By NEIL HARTNELL
Tribune Business Editor
Realtors yesterday predicted the Bahamas’ downgrade to ‘junk’ status will not impact the foreign second home market, amid “one of the busiest starts to the winter season for a long time”.
Ryan Knowles, of HG Christie, told Tribune Business that the Bahamas appeared to be “really close to getting over the economic hump” despite Standard & Poor’s (S&P) action, provided Baha Mar and other investment projects came on stream in 2017.
While acknowledging that the downgrade to ‘junk’ status “isn’t great”, Mr Knowles said the “fundamentals” that attracted foreign real estate buyers to the Bahamas were still holding and unlikely to be impacted.
He was backed by Peter Dupuch, ERA Dupuch Real Estate’s president, who told Tribune Business that sales to the expatriate market were also “picking up and things seem to be good”.
Agreeing that the S&P downgrade would not impact second home purchasers, Mr Dupuch suggested it would have more effect on persons coming to the Bahamas to invest in development projects.
He expressed concern, though, for the still-flagging Bahamian segment of the real estate market, and the ongoing uncertainty that has caused many locally-owned businesses to “lose faith”.
Mr Knowles, meanwhile, said he and his HG Christie colleagues had been “incredibly busy” dealing with potential high-end purchases of Bahamian real estate as 2016 came to a close.
“My gut feeling is that I don’t think it’s going to have any major negative effect,” Mr Knowles said of the fall-out from S&P’s downgrade.
“For me, the fundamentals that make the Bahamas attractive for investor and leisure buyers alike are still the same. The fundamentals are still in place; the downgrade isn’t great, but I don’t think those are going to change.”
He listed the Bahamas’ qualities as its US proximity and status as an English-speaking nation, together with amenities “that many of the other islands don’t have”, and a tradition of political and economic stability.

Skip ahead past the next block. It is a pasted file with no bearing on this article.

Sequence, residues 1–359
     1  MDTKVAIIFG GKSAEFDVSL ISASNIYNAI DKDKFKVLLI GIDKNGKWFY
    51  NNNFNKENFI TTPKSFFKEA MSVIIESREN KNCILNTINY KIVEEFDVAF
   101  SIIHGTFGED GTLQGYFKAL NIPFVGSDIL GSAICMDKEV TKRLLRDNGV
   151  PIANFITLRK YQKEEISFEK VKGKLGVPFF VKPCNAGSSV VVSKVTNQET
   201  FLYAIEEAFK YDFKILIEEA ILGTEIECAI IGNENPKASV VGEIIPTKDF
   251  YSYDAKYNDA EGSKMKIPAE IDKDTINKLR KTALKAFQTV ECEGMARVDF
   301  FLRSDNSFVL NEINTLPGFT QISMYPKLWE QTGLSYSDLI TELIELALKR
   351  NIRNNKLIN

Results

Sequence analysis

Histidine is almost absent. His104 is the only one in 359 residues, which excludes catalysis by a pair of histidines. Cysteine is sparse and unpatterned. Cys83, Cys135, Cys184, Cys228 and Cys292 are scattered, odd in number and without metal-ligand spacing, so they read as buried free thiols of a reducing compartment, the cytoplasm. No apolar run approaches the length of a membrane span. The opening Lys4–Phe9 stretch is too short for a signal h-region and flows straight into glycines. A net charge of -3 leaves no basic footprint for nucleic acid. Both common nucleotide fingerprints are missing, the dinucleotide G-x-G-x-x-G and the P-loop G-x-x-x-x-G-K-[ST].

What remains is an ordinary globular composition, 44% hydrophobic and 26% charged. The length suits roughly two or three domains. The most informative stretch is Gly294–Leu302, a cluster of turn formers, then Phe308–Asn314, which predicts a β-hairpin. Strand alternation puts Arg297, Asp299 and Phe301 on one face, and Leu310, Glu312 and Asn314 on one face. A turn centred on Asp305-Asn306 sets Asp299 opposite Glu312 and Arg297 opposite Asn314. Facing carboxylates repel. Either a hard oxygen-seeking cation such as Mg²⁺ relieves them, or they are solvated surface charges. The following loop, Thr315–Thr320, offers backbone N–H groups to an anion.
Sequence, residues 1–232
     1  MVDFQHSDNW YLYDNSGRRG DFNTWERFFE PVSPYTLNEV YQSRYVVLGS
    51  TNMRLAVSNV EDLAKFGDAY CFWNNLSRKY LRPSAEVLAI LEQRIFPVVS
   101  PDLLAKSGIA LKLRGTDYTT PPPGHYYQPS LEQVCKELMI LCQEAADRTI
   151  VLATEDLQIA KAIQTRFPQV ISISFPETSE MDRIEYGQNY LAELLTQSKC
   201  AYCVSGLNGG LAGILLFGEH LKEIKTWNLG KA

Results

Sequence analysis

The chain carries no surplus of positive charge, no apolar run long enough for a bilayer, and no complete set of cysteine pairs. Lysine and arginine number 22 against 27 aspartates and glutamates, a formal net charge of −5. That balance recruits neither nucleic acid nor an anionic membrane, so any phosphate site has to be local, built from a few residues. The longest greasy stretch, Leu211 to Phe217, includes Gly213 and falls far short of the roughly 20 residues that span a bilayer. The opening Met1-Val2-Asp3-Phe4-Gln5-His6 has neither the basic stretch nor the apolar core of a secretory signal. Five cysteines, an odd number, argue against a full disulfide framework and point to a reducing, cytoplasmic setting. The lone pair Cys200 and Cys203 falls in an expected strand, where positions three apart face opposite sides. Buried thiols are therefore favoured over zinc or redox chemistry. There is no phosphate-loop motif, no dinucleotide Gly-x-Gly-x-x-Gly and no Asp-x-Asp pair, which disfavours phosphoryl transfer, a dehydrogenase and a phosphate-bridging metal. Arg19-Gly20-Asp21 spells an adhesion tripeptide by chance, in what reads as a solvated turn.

Implying that foreign demand for Bahamian real estate remained strong, Mr Knowles added: “We’ve been incredibly busy. It’s one of the busiest starts to the winter season for a long time.”
He disclosed that a $20 million property in Ocean Club Estates had just gone under contract, while he himself had been showing clients properties in the $5-$10 million range, and closing several deals at around $3 million.
“It just shows that there’s a lot of activity,” Mr Knowles told Tribune Business. “It hasn’t slowed down at all, and I don’t see it slowing down.
“The instability in other parts of the world is good for us. Our buyers are not checking what Moody’s and Standard & Poor’s are saying before they make an investment.
“Some of these guys are very high net worth clients. If they’re worth $200 million, spending $2-$5 million in Bahamas is not a ‘life and death’ type of investment.”
Mr Knowles added that he had just conducted a viewing for a client interested in taking space at The Pointe development, adjacent to the British Colonial Hilton.
Aided by this project, Baha Mar and other investment projects set to come on stream, he suggested that the Bahamian economy might finally shrug off its post 2008-2009 recession lethargy in 2017.
“If we get these things up and running, we’re going to be in good shape,” Mr Knowles said. “We’ve kind of been making our way up the hump, and now we’re really close to the getting to the top and over the other side.
“I don’t see any real fall-out from S&P, and I’m hoping they will reinstate us and move us out of ‘junk’ status.”
Mr Dupuch adopted a similar position, saying second home buyer activity remained strong even though the S&P downgrade “can’t be good” for the Bahamas.
“It’s funny, because people are still buying,” he added. “We had a couple of good sales. They see the beautiful beachfront, and people buying second homes are not looking so much at S&P. I don’t think they take it as seriously.
“They come for a couple of weeks a year, and see their gated community and clubhouse. Someone coming here to invest, that might be a different story.”
Mr Dupuch said he and his firm were enjoying increased margins by selling higher-end properties to foreign buyers, but he expressed concern about the challenges facing Bahamians.
“Sales are picking up and things seem to be good,” he told Tribune Business. “My business is good and I shouldn’t be complaining.
“But it hurts me when you have someone coming out of school; they have a long road ahead of them. Bahamians are still having trouble, and the banks are tight.
“Looking around, I also see other businesses that have been around for a long time, and who are worried and uncertain as to what’s going on. The Bahamian businesses don’t have any faith.”